23 July 1999 - 04 September 1999
White Cube Duke Street
For his White Cube exhibition acclaimed American artist Chuck Close presented a new series of paintings. Since the late 1960s Close has been concentrating on portraiture and on the physiological make up of the human face through painting and photography. Close often takes his family and friends as models and the six portraits exhibited, dating from 2000-02, included pictures of the artist's ...
For his White Cube exhibition acclaimed American artist Chuck Close presented a new series of paintings. Since the late 1960s Close has been concentrating on portraiture and on the physiological make up of the human face through painting and photography. Close often takes his family and friends as models and the six portraits exhibited, dating from 2000-02, included pictures of the artist's wife, Leslie, fellow artists James Siena and Robert Rauschenberg as well as a new, scrutinising self-portrait. Although Close has worked through various painterly styles including an intense neo-realism in the 1970s and a shadowy pointillisme in the 1980s created by paint applied on the fingertips, he is perhaps best known for his more recent works, made up from a shimmering, fragile grid set on the diagonal. His method of painting is always indexical, an incremental process whereby associative colours and shapes build up a pictorial syntax and recognisable figurative whole.
The paintings shown in the exhibition are both monumental and classical in their bold simplicity as well as intangible, appearing as if they have been viewed through a thick layer of glass or rippling on the surface of water. Paul IV (2001) a portrait of Paul Cadmus in profile, for example, is reminiscent of Holbein, but Close's works equally have the studied quality of Vermeer, where the liquid eyes and imprecise gaze of his sitters fixes and absorbs the viewer at the same time.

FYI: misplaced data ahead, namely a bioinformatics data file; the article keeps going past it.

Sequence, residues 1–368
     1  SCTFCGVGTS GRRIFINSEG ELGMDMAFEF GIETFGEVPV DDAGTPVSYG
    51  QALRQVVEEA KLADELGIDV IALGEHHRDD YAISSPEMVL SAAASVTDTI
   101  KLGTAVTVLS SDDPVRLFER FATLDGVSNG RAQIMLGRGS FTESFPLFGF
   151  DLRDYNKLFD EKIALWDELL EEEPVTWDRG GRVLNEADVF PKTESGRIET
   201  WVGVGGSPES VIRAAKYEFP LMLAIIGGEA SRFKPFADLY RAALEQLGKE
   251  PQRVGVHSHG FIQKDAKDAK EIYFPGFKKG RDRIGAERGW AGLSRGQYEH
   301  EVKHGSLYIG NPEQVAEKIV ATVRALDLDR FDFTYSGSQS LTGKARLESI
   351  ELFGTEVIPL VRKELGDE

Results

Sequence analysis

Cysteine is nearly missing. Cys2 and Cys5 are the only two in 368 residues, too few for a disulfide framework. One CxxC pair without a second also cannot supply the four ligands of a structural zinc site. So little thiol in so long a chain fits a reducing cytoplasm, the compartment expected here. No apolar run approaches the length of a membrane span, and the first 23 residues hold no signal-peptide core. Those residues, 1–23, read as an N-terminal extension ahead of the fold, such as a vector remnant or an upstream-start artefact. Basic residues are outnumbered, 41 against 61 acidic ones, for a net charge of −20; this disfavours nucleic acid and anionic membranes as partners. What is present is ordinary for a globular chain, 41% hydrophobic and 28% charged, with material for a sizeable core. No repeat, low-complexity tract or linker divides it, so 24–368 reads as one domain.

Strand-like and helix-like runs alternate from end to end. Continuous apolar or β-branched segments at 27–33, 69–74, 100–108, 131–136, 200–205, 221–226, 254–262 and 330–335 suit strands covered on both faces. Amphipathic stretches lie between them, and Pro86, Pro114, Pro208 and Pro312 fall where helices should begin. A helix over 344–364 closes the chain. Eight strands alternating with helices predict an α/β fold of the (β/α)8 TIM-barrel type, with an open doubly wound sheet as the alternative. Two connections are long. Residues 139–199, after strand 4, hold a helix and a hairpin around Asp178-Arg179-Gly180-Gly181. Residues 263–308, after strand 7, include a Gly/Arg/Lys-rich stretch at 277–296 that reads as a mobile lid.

Close's paintings are over-all images where the background of the picture – the negative space – is as important as the face itself, one cannot exist without the other. The backgrounds define both the limit of the picture plane and the outline of the sitter – in his daguerreotype photographs the inky pitch black sets off the light, reflective quality of the face and in his paintings the face is actually created through the interaction between light and shadow, foreground and background. Close employs a palette which, in the exhibited portraits, consists principally of murky flesh tones – a spectrum ranging from pale pink and peach through magentas and crimson, overlaid with darker tones of grey, blue and brown. In this way, the subjects of his paintings appear like apparitions, dissolving and resolving when viewed from changing distances.
In Self-Portrait (2000), for example, the edges of the artist's face disintegrate at its outer limits by dark shapes, which are punctuated by occasional patches of light. On close examination, we are drawn to focus on the strange, even alarming clarity of the droplet-shaped patch of bright white marking the side of his nose, or at the teardrop-shaped patch of white in his left eye. Likewise, in Close's portrait of the artist James Siena, James (2002), the eyes are made up of dark quarter circles, making them seem both the focal point of the painting and yet also vortexes, constantly making the viewer adjust their gaze. Emma (2000), a portrait of a young child, is suspended in animation, the skewed position of her head suggestive of expressive movement.
Close works on his paintings methodically, starting his loose but regular grid from the left hand corner of the canvas. Within this confining structure however, figuration is pushed to the extreme by an internal dynamic built up through a relationship of part to whole. Close's paintings seem intensely personal, his subjects inescapably rendered in character, but constantly shifting in their physical presence, through the palpable, distinct tension of both palette and form. Warm colours are set against cold, circles against squares and the organising principles of the grid constantly broken by minute areas of expressive abstraction. The paintings are supremely layered, but all the layers remain on the surface to create rich tableaux of shapes, colours and tones jostling against each other, forming a coherent but barely visible whole.